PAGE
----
A 46-nation export control group has acted to bar states that shun a global anti-nuclear weapons pact from obtaining technology which can be used to make atomic bombs, diplomats and experts say.
Last week's decision by the Nuclear Suppliers Group to tighten guidelines for transfers of sensitive uranium enrichment and reprocessing technology may irritate nuclear-armed India, after Washington helped it win a waiver from NSG rules in 2008.
The NSG -- which includes the United States, Russia, China, European Union countries and some others -- tries to ensure that nuclear exports are not diverted for military purposes.
India already has enrichment and reprocessing capabilities and does not need more advanced equipment of this type. But the amended rules may still be seen as a blow for the Asian power, weapons proliferation expert Daryl Kimball said.
"The Indians are going to cry foul. They want to be able to say that they are under no nuclear technology trade restrictions and that they are a responsible nuclear power," said Kimball, director of the Washington-based Arms Control Association.
"It is about prestige. It is not about any technical need."
India has so far not commented about the revised NSG guidelines, which have yet to be made public.
To import nuclear goods, all nations except the five officially recognised atomic weapons states must usually place nuclear sites under safeguards of the International Atomic Energy Agency, the U.N. nuclear watchdog, NSG guidelines say.
But when Washington sealed a nuclear supply accord with India in 2008, it won a unique exemption after contentious negotiations. India gained access to technology and fuel while it was allowed to continue its nuclear weapons programme.
The landmark civilian nuclear cooperation agreement ended India's atomic isolation following its 1974 nuclear test and could mean billions of dollars in business for U.S. firms.
The revised NSG rules -- under discussion for years and adopted at a June 23-24 meeting in the Dutch town of Noordwijk -- do not apply to trade in reactors or in the uranium needed to fuel them, experts say.
But an added condition stipulates that only parties to the nuclear Non-Proliferation Treaty (NPT) can get uranium enrichment or spent fuel reprocessing equipment and technology.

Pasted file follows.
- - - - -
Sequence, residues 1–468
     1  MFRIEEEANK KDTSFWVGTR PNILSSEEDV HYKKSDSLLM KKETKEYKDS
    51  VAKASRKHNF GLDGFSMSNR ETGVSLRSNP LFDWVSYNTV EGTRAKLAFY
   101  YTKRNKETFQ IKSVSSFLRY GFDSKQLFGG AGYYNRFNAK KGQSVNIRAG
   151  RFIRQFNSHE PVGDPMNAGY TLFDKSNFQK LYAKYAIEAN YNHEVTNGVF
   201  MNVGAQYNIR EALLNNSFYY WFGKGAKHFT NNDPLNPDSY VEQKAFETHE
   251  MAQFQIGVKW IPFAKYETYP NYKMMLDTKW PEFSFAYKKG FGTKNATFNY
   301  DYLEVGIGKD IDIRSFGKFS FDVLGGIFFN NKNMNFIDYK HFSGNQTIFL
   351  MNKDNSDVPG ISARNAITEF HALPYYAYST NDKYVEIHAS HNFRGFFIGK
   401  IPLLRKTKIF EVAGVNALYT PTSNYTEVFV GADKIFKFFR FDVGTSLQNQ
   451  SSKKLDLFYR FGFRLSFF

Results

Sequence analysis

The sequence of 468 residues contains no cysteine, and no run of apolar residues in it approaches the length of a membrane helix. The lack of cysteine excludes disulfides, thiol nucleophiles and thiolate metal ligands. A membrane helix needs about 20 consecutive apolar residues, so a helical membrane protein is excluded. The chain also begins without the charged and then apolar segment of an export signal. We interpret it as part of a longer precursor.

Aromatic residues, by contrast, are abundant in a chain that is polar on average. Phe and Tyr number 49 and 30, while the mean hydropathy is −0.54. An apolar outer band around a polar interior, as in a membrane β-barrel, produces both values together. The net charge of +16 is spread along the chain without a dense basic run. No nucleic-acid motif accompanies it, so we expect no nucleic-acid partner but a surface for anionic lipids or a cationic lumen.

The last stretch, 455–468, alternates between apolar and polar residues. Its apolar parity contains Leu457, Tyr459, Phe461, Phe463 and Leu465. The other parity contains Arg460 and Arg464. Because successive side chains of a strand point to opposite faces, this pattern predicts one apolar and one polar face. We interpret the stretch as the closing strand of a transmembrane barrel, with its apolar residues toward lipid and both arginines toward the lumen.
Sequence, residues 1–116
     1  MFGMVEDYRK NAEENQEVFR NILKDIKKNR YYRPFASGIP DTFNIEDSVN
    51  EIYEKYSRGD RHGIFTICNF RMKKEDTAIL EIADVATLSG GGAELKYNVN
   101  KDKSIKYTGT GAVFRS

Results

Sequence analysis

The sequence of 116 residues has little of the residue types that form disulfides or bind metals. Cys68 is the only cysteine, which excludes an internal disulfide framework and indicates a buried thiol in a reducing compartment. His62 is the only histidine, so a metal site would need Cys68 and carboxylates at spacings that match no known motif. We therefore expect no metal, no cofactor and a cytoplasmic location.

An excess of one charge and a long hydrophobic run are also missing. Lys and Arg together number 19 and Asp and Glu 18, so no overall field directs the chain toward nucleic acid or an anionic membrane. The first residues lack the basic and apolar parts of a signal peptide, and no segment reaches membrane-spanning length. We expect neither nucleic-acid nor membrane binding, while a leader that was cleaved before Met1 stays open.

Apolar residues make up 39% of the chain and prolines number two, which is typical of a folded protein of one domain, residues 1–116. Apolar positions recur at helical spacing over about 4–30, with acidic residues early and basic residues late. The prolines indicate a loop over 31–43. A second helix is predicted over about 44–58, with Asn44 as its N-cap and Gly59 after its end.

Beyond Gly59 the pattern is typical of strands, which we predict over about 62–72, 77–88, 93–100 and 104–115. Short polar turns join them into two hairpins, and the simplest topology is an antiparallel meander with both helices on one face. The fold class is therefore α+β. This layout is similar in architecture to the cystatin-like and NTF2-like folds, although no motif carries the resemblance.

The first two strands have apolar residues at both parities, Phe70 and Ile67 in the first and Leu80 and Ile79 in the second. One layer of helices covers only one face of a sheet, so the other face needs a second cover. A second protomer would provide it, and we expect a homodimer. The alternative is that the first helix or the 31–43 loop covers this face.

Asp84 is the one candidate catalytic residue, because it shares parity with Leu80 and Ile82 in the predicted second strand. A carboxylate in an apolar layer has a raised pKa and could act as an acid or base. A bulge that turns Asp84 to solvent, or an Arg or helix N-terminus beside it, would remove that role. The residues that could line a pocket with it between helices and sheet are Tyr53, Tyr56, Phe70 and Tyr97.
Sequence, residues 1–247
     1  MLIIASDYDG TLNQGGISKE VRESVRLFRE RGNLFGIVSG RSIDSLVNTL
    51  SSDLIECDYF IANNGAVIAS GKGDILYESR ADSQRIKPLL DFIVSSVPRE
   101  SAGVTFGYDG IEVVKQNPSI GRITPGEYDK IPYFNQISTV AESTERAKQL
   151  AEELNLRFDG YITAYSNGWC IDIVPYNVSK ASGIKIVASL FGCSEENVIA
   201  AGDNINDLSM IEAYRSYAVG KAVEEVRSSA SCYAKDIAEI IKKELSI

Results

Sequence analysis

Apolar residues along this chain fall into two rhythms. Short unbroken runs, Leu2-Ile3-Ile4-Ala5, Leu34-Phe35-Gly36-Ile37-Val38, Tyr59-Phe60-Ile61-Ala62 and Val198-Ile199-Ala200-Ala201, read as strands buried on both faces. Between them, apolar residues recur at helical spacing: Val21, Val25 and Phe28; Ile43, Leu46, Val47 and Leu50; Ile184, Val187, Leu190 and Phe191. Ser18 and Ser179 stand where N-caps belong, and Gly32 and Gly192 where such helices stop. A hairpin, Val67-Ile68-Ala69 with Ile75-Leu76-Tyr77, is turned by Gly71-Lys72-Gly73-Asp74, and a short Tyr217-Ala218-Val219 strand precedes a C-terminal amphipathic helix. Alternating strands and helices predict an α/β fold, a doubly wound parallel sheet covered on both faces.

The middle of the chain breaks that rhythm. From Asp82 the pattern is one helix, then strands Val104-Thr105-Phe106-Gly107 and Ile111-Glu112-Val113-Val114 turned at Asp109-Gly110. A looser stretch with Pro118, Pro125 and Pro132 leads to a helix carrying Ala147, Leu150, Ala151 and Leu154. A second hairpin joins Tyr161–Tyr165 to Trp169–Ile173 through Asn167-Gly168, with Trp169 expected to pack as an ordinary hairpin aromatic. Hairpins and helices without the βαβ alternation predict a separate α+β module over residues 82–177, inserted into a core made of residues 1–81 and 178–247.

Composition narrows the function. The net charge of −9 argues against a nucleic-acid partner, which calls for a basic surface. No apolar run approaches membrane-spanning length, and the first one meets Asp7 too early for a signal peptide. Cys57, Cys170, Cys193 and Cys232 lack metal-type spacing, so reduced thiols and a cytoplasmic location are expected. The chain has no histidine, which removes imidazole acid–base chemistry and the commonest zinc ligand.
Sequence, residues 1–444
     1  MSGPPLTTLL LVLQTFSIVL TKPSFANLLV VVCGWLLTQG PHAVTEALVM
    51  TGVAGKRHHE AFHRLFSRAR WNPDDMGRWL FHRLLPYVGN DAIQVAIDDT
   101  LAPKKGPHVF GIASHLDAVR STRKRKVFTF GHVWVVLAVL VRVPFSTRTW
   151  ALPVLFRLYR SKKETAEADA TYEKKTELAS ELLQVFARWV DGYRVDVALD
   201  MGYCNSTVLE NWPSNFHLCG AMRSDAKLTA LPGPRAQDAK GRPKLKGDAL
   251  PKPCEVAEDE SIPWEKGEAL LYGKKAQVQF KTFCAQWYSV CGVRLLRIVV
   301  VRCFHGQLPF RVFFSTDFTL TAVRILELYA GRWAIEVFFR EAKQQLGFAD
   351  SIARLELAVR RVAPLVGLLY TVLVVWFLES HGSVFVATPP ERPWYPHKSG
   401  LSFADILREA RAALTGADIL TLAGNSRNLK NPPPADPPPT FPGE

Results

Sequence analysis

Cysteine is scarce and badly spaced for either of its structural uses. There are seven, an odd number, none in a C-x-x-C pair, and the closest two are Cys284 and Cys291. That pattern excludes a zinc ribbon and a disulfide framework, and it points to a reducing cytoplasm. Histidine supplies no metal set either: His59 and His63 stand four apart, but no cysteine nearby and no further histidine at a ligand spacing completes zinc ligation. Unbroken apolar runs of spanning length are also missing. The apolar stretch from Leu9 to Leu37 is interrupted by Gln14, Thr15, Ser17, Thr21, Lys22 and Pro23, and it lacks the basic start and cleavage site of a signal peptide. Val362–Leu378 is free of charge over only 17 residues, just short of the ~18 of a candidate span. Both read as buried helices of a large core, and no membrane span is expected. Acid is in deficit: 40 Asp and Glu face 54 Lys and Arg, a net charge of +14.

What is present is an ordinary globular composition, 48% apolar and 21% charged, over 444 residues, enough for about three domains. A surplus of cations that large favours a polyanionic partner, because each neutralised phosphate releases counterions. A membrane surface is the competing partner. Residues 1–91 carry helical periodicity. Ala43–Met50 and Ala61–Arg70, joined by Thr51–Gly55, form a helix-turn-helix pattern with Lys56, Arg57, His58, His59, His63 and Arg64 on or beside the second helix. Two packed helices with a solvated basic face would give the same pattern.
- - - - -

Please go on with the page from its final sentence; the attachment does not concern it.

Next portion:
INDIA MEMBERSHIP DELAY?
This would bar all NPT outsiders -- India, Pakistan, Israel and North Korea -- from such items, which can have both civilian and military applications.
India and Pakistan -- which have fought three wars and have tested nuclear arms -- have both refused to sign the 189-nation NPT, which is a cornerstone of global disarmament efforts.
"The new (NSG) guidelines include language saying transfers of enrichment and reprocessing technologies should be limited to NPT states and India doesn't qualify," proliferation expert Mark Hibbs of the Carnegie Endowment for International Peace said.
"India has been trying to get that particular item out of the new guidelines and they failed," Hibbs said. "It limits their access to sensitive technology."
Kimball said the revised wording helped "fix a key flaw" in India's waiver, ensuring that sensitive atomic items were not transferred to the country and used in its military programme.
One diplomat who attended the NSG meeting said the move should not be a surprise for India as it had been well-flagged already at the time of the 2008 exemption.
He also suggested there would be little practical impact as India had not been seeking -- and no NSG state had intended to sell it -- this type of technology even before the amendment.
"The key issue for India is image. The NSG exemption gave India the appearance of being drawn into the mainstream. This change in the guidelines affects that view of itself," he said.
Washington last year announced support for Indian membership of the NSG and a State Department spokeswoman on Friday said there had been progress in "bringing India closer" to the group.
But Hibbs said the latest NSG decision underscoring the NPT requirement "basically pushes back the deadline" for any decision on Indian membership.
Kimball criticised the idea of opening the door to India joining, saying it would further harden Pakistan's resolve to produce more fissile material for nuclear weapons.
Even though they are NPT signatories, the new guidelines would also apply to Iran and Syria as they are being probed by the U.N. nuclear agency over suspicions that they have channelled nuclear activities towards military ends.